Germany first hosted an Afghanistan peace summit at the Petersberg castle, outside Bonn, in December 2001. The resulting "Bonn Agreement" laid the foundations for the NATO-backed state-building efforts in Afghanistan following the alliance's invasion of the country.
This week's document, however, expressly mentions that the Taliban should be invited, though it added that such a conference should only take place at "an appropriate stage of the negotiations."
Omid Nouripour, foreign policy spokesman for the opposition Green party, welcomed the government's offer, but added "making a conference room available is not enough." He told DW that "the government must also say what realistic prospects it has for Afghanistan, and how these should be reached."
How much longer?
The government representatives were silent on Wednesday on exactly how long the Bundeswehr intended to stay in Afghanistan, where one of its chief tasks is to train the local army. When it began in 2001, the Afghanistan mission represented the first time since World War II that German soldiers were involved in serious fighting on the ground. Some 55 Bundeswehr soldiers lost their lives in the first 13 years of the NATO-led mission now referred to as Resolute Support. Since then, the German military is primarily involved in training Afghan soldiers in the northern region around Mazar-i-Sharif, and performing reconnaissance missions for NATO partners.
Defense Ministry spokesman Frank Fähnrich insisted that Germany had achieved concrete advances in Afghanistan since then, including helping to set up an electricity grid in the region and schools. According to Fähnrich, some 8 million Afghan children now attend school in the country, as opposed to 1 million in 2001. Withdrawing the military from the country now would put these achievements "at risk," he said.
The Cabinet also decided on Wednesday to extend three other military missions: The Bundeswehr's participation in NATO's Sea Guardian mission in the Mediterranean, meant to deter weapons smuggling and human trafficking, as well as contributions to United Nations missions in Sudan and South Sudan.

Friday February 15, 2019
Kabul (BNA) Taliban negotiators say they will meet U.S. representatives in Pakistan on February 18 as part of ongoing Afghan peace talks, although a State Department official said the U.S. team had not yet received an invitation to the talks.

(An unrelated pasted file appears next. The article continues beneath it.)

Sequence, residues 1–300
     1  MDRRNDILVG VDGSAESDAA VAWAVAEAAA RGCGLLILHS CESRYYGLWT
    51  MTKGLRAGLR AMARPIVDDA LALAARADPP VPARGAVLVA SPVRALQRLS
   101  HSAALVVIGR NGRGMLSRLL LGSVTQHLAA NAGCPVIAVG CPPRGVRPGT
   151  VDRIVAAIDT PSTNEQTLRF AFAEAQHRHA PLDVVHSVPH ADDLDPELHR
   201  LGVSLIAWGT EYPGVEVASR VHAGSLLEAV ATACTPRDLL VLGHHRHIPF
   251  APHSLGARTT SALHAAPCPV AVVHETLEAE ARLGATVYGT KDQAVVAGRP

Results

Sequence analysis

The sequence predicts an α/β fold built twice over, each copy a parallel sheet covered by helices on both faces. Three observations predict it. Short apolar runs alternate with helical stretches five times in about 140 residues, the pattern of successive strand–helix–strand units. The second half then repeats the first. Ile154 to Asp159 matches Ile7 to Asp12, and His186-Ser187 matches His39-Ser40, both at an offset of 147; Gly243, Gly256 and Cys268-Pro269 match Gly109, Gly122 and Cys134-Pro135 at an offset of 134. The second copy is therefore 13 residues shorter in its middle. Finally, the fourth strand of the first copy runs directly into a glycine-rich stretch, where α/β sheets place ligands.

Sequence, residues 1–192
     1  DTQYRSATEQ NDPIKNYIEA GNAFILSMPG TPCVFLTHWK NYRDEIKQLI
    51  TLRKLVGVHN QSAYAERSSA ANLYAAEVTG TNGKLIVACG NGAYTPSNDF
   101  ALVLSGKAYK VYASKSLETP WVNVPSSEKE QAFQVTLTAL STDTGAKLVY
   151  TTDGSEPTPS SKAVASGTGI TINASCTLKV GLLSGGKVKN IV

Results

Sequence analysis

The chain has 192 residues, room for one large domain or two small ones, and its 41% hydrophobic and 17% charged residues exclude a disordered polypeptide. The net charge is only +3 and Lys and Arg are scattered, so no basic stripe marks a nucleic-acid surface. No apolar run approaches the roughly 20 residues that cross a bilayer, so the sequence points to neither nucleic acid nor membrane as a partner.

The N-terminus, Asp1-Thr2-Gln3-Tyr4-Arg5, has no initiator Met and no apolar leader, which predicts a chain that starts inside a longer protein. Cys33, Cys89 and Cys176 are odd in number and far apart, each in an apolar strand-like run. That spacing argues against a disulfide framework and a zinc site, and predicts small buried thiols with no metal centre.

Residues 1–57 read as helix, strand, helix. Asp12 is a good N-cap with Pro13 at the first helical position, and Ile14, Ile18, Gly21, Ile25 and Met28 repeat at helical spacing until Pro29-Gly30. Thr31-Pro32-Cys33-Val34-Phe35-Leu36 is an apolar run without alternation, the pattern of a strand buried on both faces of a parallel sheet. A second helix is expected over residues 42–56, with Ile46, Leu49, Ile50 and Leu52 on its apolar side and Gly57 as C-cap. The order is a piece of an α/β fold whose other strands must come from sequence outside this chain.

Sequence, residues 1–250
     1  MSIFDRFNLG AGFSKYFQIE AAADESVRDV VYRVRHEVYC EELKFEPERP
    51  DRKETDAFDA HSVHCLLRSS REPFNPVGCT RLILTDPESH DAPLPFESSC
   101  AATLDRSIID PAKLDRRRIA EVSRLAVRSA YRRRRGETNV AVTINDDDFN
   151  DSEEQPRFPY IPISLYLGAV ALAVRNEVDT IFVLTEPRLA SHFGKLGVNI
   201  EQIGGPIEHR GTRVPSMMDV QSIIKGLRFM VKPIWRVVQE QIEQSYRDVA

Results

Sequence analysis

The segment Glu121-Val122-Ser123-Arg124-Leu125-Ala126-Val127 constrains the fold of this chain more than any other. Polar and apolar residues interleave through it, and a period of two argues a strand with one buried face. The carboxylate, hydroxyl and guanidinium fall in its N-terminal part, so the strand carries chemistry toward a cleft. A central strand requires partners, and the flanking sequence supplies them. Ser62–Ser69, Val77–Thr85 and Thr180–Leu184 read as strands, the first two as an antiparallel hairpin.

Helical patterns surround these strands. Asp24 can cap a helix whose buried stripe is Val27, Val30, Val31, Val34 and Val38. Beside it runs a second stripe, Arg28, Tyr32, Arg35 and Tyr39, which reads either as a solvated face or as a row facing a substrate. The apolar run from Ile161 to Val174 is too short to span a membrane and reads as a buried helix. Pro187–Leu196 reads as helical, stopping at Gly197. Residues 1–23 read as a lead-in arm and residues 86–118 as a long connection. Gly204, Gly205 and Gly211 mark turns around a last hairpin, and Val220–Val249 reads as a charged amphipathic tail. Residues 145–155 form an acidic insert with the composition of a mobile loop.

Taliban spokesman Zabihullah Mujahid on February 13 said the meeting would take place in the Pakistani capital, Islamabad, a week before the two sides are scheduled to hold negotiations in Qatar on February 25.
"While we have noted the Taliban's public announcement, we have not received a formal invitation to any talks," a State Department spokesperson said.
Mujahid, the Taliban spokesman, said his side would also meet with Pakistani Prime Minister Imran Khan to hold "comprehensive discussions about Pakistan-Afghanistan relations."
As an Afghan neighbor and military power in the region, Islamabad would likely play a key role in any eventual settlement, and some 1.5 million Afghan refugees live in Pakistan.
Talks between U.S. officials -- including Zalmay Khalilzad, the special peace envoy for Afghanistan -- have intensified in recent months. Khalilzad and Taliban envoys have both said progress has been made, but U.S. officials caution that much work needs to be done before an agreement can be finalized.
Khalilzad is due to arrive in Pakistan on a six-country trip that also includes Belgium, Germany, Turkey, Qatar, and Afghanistan.
Talks have also been held in Moscow with some of the same figures, although Khalilzad has not attended those discussions.
The U.S.-Taliban talks are aimed at finding a negotiated end to Afghanistan's 17-year war.